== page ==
[Show abstract][Hide abstract] ABSTRACT: The aim of this study was to evaluate the effects of an 8-week aerobic exercise program on physiological parameters and quality of life in patients with type 2 diabetes mellitus.
Patients attending a diabetes clinic participated in this randomized control trial. They were randomly assigned to an intervention or control group by ballot. The intervention group, in addition to regular conventional treatment, received individually prescribed aerobic exercise for 30 minutes, at 50%-75% of maximum heart rate three times weekly. Main outcome measures included fasting blood sugar, glycosylated hemoglobin (HbA(1c)), high-density lipoprotein, low-density lipoprotein, and a World Health Organization quality of life questionnaire (WHOQoL-BREF). Data analysis involved paired and unpaired t-tests and mixed-design two-way analysis of variance.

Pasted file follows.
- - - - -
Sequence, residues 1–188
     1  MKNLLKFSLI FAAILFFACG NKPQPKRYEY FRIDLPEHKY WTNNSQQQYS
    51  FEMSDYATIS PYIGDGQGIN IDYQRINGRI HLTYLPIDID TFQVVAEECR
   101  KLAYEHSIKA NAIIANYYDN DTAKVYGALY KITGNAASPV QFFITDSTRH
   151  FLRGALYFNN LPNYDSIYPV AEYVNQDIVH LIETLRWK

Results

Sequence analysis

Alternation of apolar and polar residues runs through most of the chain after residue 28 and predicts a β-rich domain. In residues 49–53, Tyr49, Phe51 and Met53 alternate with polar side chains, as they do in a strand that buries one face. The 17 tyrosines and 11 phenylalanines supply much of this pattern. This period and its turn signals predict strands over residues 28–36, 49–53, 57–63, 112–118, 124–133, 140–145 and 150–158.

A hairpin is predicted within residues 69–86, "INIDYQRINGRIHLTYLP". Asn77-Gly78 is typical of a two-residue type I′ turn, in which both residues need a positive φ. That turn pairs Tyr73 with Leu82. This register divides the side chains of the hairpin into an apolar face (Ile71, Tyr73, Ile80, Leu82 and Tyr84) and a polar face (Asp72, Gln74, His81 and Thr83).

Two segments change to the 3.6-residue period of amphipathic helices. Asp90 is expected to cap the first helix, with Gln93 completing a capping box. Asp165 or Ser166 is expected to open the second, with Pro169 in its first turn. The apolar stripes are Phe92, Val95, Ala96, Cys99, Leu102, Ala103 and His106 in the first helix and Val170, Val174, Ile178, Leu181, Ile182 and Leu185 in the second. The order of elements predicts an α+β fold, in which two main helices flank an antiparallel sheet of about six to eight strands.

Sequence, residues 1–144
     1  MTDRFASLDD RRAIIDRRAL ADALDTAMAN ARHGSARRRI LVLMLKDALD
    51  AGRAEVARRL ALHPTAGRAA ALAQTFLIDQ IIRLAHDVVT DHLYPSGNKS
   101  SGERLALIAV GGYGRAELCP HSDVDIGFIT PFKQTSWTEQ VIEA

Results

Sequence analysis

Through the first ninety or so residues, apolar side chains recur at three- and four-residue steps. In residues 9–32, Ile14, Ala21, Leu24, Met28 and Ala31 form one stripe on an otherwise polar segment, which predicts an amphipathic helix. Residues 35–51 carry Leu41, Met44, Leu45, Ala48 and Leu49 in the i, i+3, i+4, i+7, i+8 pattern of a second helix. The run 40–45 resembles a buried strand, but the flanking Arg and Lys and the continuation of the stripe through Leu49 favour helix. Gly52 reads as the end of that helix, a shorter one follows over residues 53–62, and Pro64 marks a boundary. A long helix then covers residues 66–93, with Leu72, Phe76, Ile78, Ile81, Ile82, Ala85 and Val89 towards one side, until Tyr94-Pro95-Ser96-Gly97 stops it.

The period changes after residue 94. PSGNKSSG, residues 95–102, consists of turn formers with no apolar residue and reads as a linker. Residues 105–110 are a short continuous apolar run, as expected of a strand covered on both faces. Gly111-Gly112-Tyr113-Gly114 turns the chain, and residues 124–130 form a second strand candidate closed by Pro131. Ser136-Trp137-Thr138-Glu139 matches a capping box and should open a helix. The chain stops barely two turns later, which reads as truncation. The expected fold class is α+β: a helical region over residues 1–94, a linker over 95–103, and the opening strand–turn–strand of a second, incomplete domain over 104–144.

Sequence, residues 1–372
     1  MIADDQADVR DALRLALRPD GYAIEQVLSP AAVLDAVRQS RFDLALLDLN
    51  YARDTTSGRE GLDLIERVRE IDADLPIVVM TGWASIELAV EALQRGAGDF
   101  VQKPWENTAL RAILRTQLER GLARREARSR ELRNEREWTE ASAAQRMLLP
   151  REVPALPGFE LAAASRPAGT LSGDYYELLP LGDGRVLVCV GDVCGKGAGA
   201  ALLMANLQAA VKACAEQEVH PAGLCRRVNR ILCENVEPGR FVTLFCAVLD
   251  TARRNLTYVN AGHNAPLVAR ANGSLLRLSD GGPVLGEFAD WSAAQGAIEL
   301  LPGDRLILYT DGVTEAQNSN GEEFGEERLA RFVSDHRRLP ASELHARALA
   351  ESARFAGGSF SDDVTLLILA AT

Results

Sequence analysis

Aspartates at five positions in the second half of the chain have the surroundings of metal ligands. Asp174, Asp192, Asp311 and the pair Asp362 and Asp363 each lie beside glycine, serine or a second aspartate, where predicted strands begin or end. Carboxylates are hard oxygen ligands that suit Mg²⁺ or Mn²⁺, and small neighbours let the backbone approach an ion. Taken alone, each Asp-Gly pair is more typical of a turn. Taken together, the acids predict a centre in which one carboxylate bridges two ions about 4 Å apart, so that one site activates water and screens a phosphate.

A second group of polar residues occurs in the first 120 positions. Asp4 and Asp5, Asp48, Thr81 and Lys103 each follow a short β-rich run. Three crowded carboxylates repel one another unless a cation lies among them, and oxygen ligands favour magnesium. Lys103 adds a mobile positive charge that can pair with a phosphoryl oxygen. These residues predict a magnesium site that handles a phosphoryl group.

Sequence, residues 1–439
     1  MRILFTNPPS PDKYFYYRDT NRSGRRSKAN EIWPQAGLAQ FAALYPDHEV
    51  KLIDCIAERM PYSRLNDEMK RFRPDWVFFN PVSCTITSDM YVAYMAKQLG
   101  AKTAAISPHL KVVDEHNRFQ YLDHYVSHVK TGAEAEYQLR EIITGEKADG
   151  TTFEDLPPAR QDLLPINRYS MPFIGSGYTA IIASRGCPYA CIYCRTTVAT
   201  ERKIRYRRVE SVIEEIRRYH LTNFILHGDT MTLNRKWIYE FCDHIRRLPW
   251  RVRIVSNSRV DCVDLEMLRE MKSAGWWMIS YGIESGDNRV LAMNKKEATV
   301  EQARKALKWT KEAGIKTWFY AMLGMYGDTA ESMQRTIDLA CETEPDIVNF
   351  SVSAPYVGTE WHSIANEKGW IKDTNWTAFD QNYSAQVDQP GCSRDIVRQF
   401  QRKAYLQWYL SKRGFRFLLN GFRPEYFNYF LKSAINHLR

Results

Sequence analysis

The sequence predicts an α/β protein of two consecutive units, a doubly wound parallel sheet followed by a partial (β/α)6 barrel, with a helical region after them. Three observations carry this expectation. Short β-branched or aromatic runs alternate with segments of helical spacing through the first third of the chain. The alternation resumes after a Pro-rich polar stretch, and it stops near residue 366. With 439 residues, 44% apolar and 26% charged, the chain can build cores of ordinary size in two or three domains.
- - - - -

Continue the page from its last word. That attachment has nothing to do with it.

Eighteen patients with type 2 diabetes and of mean age 46.22 ± 9.79 years participated in the study. Mean duration since onset of diabetes in the intervention and control groups was 4.44 ± 3.33 years and 3.92 ± 2.66 years, respectively. Both groups were similar for duration since onset, baseline physiological parameters, and quality of life. Within-group comparison did not show any significant differences (P > 0.05) for HbA(1c), fasting blood sugar, low-density lipoprotein, or high-density lipoprotein. The intervention group improved significantly (P < 0.05) in their postexercise quality of life compared with baseline. Between-group comparison did not show any significant differences in physiological parameters or quality of life.